Competition at QB — and across the Iowa State offense — intensifies as fall camp ramps up

Iowa State Cyclones quarterback Rocco Becht (3) looks for ta throw the ball against the Ohio Bobcats during the fourth quarter at Jack Trice Stadium Saturday, Sept. 17, 2022, in Ames, Iowa. © Nirmalendu Majumdar/Ames Tribune / USA TODAY NETWORK

AMES — It’s been precisely one week since Iowa State head football coach Matt Campbell said if his team had a game that day, all three of his quarterbacks would likely play.

 Not much has changed.

 The competition between redshirt freshman Rocco Becht and true freshman J.J. Kohl for the No. 1 spot remains extremely tight — and will likely remain that way as the calendar tilts toward the Sept. 2 season opener against Northern Iowa.

 Throw in the potential for dual-threat junior college transfer Tanner Hughes to be deployed in various packages, as well, and the most high profile position for the Cyclones looks to be as unsettled as its been since Campbell’s first season in 2016 — and that’s not necessarily a bad thing.

 “Those guys have been working really hard,” ISU’s first-year offensive coordinator Nate Scheelhaase said during Wednesday’s media availability. “We’ve put them in a lot of different situations in camp, which I think is really important.”

 Two-minute drills. Third down situations. Taking snaps at a variety of spots up and down the field.

 Becht and Kohl are seeing it all on the practice field before one of them will become the primary play caller once the season starts. Becht, a 6-1, 205-pounder from Wesley Chapel, Fla., is the only one to take a snap at college football’s highest level. He completed 7 of 15 passes last season for 65 yards. Kohl — a four-star standout and early enrollee from nearby Ankeny — has impressed coaches with his strong arm and maturity. Hughes could earn some change-up snaps, particularly in short-yardage situations. So all three are capable of helping the Cyclones this season, despite their relative lack of experience.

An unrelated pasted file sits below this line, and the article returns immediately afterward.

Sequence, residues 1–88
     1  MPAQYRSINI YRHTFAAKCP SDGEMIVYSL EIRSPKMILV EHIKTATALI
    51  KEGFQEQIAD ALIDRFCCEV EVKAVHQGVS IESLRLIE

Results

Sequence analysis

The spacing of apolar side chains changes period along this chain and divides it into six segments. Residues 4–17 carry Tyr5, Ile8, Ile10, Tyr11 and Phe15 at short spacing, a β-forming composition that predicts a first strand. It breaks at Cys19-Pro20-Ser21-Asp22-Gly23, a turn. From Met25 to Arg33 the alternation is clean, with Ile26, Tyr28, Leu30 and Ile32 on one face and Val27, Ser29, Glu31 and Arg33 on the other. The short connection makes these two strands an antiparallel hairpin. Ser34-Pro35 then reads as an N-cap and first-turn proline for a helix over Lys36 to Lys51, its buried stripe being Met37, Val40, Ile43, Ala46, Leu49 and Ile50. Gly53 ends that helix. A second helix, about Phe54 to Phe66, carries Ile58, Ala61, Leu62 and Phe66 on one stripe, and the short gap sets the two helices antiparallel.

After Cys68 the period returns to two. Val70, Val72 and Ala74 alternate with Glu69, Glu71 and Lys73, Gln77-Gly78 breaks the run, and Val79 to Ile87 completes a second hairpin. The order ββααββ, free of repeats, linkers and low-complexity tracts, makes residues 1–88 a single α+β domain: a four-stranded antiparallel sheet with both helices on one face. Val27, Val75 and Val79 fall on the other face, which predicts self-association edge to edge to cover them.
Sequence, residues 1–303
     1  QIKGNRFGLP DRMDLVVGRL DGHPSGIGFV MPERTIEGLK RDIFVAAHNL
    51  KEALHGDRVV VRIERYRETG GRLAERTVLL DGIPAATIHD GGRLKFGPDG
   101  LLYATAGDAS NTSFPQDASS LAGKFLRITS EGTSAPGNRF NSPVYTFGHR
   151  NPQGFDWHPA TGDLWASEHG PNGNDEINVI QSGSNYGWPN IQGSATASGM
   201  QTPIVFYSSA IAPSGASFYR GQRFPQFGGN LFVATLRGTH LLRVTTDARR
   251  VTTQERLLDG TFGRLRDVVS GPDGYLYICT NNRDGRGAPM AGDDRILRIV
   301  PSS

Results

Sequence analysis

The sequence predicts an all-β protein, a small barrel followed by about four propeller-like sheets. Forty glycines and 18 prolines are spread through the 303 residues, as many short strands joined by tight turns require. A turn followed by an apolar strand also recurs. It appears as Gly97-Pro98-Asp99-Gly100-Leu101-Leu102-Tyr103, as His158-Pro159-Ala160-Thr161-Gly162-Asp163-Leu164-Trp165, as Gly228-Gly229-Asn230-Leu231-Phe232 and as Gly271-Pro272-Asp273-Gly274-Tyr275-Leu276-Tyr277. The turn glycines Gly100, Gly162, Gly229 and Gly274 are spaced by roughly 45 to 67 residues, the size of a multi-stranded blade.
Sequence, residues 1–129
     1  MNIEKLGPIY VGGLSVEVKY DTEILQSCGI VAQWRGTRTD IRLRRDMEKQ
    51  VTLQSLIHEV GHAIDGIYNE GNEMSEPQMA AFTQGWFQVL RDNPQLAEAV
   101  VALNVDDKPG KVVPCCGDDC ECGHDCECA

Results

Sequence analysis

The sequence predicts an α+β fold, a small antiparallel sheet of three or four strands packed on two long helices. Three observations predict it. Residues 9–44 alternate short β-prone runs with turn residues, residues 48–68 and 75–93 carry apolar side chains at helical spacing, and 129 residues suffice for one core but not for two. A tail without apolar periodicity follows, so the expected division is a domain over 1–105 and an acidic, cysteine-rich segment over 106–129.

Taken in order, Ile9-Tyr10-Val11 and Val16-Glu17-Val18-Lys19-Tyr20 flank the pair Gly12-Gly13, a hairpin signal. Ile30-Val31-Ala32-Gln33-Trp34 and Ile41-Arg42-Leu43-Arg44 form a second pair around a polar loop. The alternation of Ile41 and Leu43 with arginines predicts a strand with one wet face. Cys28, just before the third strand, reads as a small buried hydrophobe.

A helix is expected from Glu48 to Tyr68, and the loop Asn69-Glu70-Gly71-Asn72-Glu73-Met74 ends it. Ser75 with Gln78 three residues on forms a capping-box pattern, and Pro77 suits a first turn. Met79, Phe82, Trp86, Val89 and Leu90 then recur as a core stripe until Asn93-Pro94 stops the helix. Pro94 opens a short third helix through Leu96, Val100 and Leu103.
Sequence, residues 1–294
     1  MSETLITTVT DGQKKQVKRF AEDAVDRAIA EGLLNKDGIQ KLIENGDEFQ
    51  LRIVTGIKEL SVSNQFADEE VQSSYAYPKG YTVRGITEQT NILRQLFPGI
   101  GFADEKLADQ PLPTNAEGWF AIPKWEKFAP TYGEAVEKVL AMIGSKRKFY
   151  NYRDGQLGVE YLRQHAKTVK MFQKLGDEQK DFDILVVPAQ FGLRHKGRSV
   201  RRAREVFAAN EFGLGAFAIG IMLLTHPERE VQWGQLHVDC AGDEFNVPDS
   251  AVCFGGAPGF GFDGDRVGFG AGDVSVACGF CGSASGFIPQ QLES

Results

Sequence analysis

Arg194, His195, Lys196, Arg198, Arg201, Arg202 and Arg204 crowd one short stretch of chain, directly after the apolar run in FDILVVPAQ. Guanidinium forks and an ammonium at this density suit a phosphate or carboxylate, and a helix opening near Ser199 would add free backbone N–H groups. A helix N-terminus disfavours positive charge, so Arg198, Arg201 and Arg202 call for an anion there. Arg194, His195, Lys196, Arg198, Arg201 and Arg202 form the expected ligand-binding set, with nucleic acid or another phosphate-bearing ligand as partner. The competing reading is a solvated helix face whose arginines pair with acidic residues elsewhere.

“We haven’t had one of those guys in our building longer than — shoot, Rocco’s been here just over a year,” said Scheelhaase, whose offense is without last year’s starter, Hunter Dekkers, because of charges stemming from the Iowa Division of Criminal Investigation’s ongoing probe into sports gambling. “But the way they’ve carried themselves has made you feel like (they’re veterans). And I think maybe the offense and the team in general feel like that. Those guys have come to work each day with a great mindset and a great mentality just to learn and grow.”

 That vast learning curve must be traversed relatively quickly, of course, but that’s true across the entire offense. Projected starting tailback Jirehl Brock, as well as last season’s top-scoring tight end, DeShawn Hanika, also face charges in the state’s gambling investigation, as does one of ISU’s most experienced offensive linemen, Jake Remsburg. So opportunities abound at each level on that side of the football, providing a platform for stern competition beyond the quarterback position.

 Case in point: The running backs room. Sophomores Cartevious Norton and Eli Sanders were both pressed into duty last season as Brock battled an array of injuries. Norton, in turn, suffered through a spate of injuries of his own, and Sanders didn’t escape stretches of hard knocks, either. Both are healthy now, eager to earn the largest share of snaps, while fully acknowledging it’s likely to remain a running backs by committee situation at least early in the season.

 “We push each other to the limit,” said Sanders, who rushed for 197 yards on 47 carries as true freshman last season. “Everyone on offense is striving to be great.”

 Especially at quarterback, where mystery and uncertainty will eventually give way to clarity and stability. That’s the plan, anyway. 

 “They’re all consistent,” transfer wide receiver Jayden Higgins said. “They know the plays great and they push me to get better.”